Mr. Kleiner stated he believed the language was from a long time ago and part of a memorandum of agreement that we had with the Coast Guard at that time exempted those boundary lakes, although he had not been able to find the language. Technically, East Grand Lake required a captain’s license because it was a boundary water. But, there was a memorandum of agreement somewhere that stated they didn’t need the Type I. That was the same agreement that stopped Coast Guard jurisdiction would run very far up our rivers because they were commercially navigable.

Lt. Gormely stated the federal government oversaw the state in a variety of ways. They could research the question and find the correct answer.

C. Step 1

1. Spring Turkey hunting WMDs 1-6

Ms. Camuso stated this was to have the spring turkey hunt in WMDs 1-6 be a split season and that was primarily to reduce the strain on landowners in that area. There was a small turkey population there in isolated areas. Up until 2007 the split season was used to open WMDs. We would try the season this way for two years to try to assist the landowners in that area.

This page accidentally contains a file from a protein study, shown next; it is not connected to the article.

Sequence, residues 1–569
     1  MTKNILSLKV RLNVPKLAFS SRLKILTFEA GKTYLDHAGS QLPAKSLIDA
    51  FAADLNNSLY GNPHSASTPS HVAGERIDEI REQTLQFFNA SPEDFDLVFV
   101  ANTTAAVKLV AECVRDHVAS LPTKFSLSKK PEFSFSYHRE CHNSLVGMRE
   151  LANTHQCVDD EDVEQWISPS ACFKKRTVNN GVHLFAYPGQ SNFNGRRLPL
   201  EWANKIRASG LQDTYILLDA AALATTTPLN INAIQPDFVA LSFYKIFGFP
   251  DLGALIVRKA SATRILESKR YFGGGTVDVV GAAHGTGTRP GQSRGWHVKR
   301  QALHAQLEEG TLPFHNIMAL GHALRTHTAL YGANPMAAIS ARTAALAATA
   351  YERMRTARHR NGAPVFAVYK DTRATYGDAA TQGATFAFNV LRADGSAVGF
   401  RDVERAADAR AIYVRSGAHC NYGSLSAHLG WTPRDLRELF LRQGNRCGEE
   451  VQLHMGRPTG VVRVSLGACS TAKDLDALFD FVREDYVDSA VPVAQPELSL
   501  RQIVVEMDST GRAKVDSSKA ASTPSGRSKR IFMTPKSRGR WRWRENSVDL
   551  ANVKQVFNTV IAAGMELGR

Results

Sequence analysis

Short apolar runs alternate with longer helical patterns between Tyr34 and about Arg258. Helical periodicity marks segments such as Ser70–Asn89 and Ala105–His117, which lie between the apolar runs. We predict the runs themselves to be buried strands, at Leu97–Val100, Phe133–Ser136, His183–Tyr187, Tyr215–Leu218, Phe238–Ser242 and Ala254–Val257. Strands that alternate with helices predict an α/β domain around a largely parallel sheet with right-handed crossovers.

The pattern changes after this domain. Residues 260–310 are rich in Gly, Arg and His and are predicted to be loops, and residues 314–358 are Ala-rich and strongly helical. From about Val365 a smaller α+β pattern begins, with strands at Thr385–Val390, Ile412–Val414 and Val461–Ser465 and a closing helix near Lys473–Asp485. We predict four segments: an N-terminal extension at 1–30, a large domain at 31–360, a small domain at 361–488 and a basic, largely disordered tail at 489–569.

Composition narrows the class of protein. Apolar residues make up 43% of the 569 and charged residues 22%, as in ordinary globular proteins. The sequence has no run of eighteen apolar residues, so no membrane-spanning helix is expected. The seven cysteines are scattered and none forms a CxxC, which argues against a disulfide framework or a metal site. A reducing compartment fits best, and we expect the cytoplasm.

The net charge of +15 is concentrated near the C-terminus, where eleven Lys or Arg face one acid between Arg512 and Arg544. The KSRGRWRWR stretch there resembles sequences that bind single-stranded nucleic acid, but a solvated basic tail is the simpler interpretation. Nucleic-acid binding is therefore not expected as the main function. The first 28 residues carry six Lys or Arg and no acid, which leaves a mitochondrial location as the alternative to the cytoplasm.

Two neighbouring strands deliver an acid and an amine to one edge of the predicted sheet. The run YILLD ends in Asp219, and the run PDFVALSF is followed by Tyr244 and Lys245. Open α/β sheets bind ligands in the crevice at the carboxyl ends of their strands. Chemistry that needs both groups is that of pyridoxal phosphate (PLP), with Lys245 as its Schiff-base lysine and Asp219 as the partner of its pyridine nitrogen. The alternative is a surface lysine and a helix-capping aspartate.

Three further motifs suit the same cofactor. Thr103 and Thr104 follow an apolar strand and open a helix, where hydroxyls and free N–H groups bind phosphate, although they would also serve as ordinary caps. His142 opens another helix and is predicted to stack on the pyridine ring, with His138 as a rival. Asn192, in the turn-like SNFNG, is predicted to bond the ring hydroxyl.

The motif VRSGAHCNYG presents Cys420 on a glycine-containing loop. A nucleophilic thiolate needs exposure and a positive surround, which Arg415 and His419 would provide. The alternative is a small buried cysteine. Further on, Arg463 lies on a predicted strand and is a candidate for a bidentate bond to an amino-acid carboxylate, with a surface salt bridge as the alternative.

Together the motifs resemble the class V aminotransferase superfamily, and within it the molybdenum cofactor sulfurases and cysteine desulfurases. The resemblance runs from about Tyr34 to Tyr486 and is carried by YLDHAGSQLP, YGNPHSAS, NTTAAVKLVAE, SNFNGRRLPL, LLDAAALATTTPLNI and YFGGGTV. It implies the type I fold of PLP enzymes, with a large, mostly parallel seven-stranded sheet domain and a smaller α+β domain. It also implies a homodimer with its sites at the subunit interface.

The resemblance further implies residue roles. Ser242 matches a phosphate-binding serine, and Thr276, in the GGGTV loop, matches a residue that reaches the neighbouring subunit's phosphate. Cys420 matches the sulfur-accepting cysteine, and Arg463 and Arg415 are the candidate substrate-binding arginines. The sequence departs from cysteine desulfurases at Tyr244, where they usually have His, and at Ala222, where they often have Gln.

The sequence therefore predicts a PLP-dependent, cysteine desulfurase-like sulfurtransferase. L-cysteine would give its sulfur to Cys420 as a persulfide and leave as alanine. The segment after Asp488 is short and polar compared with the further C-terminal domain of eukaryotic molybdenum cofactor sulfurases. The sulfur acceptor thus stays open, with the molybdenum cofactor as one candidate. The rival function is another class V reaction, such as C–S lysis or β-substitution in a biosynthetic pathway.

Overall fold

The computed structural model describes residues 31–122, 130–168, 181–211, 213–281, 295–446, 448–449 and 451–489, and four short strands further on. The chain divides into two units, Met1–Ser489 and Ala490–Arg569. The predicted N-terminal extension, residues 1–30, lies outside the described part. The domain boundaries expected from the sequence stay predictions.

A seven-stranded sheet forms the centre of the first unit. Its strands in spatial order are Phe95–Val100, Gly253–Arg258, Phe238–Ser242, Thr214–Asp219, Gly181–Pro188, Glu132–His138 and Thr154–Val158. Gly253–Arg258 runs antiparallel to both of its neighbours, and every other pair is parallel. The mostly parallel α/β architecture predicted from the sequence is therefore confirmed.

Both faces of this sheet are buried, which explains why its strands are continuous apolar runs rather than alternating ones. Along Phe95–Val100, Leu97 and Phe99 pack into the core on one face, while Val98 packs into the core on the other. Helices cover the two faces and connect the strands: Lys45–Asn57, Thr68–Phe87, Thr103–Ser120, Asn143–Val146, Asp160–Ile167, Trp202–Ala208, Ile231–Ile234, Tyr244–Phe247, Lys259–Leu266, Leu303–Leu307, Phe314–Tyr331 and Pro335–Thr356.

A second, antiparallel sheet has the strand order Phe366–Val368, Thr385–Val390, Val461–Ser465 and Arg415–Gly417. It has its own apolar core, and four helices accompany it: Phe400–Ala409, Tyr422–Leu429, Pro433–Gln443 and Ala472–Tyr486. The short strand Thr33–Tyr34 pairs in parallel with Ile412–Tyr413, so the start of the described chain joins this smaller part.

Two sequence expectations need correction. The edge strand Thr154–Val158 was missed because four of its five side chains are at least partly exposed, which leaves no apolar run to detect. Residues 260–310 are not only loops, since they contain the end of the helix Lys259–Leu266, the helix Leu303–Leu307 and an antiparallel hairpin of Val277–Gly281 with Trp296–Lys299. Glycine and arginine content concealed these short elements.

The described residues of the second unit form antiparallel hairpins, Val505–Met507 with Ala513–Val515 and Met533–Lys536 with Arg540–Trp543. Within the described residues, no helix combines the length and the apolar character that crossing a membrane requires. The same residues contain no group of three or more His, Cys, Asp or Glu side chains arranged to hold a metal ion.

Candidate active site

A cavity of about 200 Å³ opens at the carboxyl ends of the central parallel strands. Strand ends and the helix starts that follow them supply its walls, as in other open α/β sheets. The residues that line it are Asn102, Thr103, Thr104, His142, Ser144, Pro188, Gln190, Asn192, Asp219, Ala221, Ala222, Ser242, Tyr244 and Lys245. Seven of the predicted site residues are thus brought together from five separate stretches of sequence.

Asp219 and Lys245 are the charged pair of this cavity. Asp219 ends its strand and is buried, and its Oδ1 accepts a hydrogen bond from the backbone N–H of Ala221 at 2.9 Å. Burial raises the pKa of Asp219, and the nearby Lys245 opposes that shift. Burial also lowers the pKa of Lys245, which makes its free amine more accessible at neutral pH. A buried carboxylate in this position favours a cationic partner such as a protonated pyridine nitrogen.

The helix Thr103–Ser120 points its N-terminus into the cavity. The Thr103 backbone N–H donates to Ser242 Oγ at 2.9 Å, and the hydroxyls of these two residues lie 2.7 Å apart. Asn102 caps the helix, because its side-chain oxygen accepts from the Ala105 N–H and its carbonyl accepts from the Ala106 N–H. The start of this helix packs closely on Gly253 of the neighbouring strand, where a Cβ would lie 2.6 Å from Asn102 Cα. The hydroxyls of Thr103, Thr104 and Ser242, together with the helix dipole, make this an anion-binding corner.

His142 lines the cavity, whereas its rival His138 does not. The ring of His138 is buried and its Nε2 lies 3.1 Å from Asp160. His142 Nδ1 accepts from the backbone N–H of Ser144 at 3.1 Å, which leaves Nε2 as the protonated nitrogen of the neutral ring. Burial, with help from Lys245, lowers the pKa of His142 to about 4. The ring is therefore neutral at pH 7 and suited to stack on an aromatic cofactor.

Council member Comments and Questions

Mr. Fortier stated some parts of the proposal he really agreed with. He would like to see it closed another year, but only if the science indicated that. They hadn’t had anymore turkeys brought there because of the infection issues. One point of concern for him was the landowners. The May 4 – 9 week of hunting, they were one month behind the rest of the state when it came to drying out (the season). When they went into planting their crops the 18th was kind of the minimum that the farmers started doing any crop planning. The 11th to the 16th was still early but might be more tolerable. That May 4th week was mud season and the vastness and size of the landowners up there, the ATV trails were closed but that didn’t stop those with 4 wheel drives from going onto the land and tearing it up. The farmers took a lot of pride in their land, he would hate to see repercussions. Whether the season was moved out of that week down into June or go with a 3-week season and then look at the numbers. There were a couple flocks of turkeys that were starting to spread out.